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Ryan writes in -

Here’s a video tape encoding station I setup using some old gear I had laying around and a Neuros MP4 Recorder. I’m recording the tapes at 320 x 240 at super fine quality and the files produced are beautiful. As a bonus they play perfectly without conversion on both Zunes and iPods.

DIY Video tape encoding station – Link.

Phillip Torrone

Editor at large – Make magazine. Creative director – Adafruit Industries, contributing editor – Popular Science. Previously: Founded – Hack-a-Day, how-to editor – Engadget, Director of product development – Fallon Worldwide, Technology Director – Braincraft.


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Comments

  1. J says:

    Any reason why your not recording them at 640×480? Your loosing half the quality and I’m sure the zune and ipods will play these back.

    Record at the highest and then archive them so you can trash the tapes :).

  2. Danuuc says:

    And powered by a vaccuum no less!

  3. bob says:

    so like, what’s a video tape?

  4. Dissident AKA Ryan says:

    I’m not encoding them at 640×480 because it seems a waste of space. The zune will play it back very well actually, but its a matter of economics of space for me.

    Tapes have a lower resolution and honestly in my opinion have a lower quality than DVD’s. However when you encode it at 320×240 you get a smaller file, and it looks good enough for me.

    Thanks for looking anyway.

  5. brad says:

    Back in the day we would use hi speed dubbing for cassette tapes. Have you looked at this for an option? Even if this is possible? On your set up. I like your plan but who has time to wait or to watch aunt betty wave to all the neighbors while hard coping the kids b-day.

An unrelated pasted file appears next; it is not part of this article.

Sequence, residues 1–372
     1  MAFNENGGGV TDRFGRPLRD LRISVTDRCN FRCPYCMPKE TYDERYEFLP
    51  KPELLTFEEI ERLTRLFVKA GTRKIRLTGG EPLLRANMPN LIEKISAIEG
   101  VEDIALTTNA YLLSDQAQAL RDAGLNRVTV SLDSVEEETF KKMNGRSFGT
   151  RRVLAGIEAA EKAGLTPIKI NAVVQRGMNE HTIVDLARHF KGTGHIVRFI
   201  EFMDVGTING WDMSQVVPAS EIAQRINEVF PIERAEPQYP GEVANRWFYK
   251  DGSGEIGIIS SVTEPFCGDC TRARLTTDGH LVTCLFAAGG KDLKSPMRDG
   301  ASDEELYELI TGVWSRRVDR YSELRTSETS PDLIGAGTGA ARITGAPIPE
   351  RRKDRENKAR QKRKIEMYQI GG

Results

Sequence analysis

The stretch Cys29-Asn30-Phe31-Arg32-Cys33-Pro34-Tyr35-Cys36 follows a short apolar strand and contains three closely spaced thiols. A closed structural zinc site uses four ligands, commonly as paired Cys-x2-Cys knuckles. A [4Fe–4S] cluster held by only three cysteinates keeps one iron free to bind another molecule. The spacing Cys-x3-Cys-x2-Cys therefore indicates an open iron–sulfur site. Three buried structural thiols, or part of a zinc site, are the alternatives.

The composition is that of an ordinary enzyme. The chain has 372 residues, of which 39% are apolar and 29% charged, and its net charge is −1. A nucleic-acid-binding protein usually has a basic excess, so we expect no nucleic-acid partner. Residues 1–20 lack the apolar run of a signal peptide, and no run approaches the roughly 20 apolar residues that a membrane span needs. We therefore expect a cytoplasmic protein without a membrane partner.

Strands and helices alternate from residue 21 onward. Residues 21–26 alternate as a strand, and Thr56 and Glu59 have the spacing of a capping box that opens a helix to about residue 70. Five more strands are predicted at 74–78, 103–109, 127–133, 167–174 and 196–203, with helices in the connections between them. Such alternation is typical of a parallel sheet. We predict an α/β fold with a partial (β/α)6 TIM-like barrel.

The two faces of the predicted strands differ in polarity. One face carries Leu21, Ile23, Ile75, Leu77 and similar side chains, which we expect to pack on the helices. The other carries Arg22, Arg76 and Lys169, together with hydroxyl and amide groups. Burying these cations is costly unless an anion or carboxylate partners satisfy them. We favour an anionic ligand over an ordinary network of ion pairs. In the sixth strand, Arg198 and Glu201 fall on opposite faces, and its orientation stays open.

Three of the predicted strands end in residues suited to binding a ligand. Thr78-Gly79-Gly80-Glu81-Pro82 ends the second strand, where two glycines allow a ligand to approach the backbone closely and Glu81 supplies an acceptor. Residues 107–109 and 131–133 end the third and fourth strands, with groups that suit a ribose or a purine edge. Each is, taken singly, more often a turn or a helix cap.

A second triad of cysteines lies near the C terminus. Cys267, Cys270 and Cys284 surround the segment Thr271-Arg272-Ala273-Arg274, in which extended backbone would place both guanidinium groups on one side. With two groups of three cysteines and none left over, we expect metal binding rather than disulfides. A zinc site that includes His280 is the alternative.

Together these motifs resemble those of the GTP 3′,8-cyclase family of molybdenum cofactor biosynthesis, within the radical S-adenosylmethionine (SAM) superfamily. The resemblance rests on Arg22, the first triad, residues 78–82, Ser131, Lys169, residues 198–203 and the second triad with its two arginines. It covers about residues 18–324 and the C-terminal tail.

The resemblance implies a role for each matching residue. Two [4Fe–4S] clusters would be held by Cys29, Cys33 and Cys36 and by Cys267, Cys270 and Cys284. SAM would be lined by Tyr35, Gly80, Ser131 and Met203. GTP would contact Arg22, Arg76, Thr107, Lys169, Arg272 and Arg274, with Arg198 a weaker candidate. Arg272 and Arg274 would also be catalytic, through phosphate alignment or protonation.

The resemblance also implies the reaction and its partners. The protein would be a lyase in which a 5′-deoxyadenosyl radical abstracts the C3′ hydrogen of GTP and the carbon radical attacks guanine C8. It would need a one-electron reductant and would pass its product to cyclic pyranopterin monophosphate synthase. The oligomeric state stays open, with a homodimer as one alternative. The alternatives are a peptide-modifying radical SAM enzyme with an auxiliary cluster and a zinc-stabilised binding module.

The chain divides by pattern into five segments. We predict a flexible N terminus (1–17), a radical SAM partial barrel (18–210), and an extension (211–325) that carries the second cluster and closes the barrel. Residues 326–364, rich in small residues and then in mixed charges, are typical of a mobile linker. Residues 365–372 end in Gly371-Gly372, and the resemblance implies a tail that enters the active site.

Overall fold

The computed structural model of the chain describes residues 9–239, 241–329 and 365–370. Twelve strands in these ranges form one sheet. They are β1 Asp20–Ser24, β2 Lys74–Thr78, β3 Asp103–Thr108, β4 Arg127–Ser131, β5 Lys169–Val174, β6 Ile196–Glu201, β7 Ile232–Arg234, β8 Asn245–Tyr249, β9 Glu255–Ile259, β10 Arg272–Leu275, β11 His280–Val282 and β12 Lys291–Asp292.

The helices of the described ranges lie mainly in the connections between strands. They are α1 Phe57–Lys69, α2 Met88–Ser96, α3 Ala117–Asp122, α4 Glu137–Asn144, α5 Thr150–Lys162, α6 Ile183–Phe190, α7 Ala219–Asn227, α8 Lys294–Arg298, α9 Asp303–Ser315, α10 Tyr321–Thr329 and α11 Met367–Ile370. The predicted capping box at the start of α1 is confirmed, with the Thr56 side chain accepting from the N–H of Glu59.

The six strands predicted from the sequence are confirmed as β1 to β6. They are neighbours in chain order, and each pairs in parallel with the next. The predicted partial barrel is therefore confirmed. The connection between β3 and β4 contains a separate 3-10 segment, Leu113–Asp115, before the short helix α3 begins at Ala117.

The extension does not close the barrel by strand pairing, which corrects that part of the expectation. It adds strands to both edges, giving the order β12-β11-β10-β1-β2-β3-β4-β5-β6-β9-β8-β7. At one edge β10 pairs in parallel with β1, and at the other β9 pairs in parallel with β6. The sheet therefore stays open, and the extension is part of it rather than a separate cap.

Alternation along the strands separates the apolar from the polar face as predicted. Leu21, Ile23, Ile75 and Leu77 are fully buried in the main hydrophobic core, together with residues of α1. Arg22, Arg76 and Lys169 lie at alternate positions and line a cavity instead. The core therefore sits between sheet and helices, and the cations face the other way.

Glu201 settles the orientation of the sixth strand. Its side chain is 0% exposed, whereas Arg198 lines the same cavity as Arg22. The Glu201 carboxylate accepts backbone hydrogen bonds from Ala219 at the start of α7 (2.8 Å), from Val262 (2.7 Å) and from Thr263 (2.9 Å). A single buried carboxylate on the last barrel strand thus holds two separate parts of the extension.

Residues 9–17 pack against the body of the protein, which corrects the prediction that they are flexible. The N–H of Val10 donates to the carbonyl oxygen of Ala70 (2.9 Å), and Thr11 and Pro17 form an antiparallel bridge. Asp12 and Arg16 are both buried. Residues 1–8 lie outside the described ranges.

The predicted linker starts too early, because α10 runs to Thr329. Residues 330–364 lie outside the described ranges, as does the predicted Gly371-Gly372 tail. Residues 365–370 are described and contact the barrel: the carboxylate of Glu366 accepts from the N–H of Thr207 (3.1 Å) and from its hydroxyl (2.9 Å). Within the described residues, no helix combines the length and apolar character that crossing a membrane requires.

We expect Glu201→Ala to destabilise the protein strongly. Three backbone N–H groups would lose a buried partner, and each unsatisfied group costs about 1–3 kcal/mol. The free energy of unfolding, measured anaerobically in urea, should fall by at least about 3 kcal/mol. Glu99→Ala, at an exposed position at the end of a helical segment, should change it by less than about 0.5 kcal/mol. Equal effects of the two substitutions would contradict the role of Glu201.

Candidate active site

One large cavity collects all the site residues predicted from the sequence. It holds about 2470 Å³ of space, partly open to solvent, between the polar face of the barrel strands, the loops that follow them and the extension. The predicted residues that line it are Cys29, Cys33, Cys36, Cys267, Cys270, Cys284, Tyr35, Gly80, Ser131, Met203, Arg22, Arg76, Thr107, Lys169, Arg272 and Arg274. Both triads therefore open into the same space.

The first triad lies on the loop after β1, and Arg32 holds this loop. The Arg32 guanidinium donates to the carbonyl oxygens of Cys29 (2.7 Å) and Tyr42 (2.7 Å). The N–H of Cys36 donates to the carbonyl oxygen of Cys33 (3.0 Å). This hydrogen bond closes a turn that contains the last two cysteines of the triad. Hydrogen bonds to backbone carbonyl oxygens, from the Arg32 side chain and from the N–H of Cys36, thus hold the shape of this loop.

6. Ben McPherson says:

    High speed dubbing isn’t possible with this setup, or with most other video setups. This is a smart thing to do. I’d make the file sizes slightly larger, because you’re currently removing quality from an already lossy format, but if you’re only viewing them on a Zune then it doesn’t matter too much. However, if you want to have slightly more future-proof material, then 640×480 is the way to go.

  7. H says:

    What speed/brand CF would you suggest?

  8. JeffreyT says:

    I use my Aiptek A-HD (US Version) to do essentially the same thing. It has a display so you only need it and the VCR/DVD player. $119 recently at Target.

  9. Dissident AKA Ryan says:

    High speed dubbing isn’t possible on this system. I wish it were, but the Neuros is a realtime recording device.

    I know what you mean about not wanting to sit through the home movies, hence the mini-setup. The screen is there just so I can check progressand usually the sound is off unless I’m in the other room.

    I don’t mind it recording in realtime however. I have enough things to do that just setting it up and going off to do other things is easy.

    As for brand and spoeed of CF, I’ve found no difference in quality between different brands of CF or SD on this recorder. The only thing it would speed up is the transfer from card to my PC. And over USB 2.0 its fast enough for that to be a nonissue.

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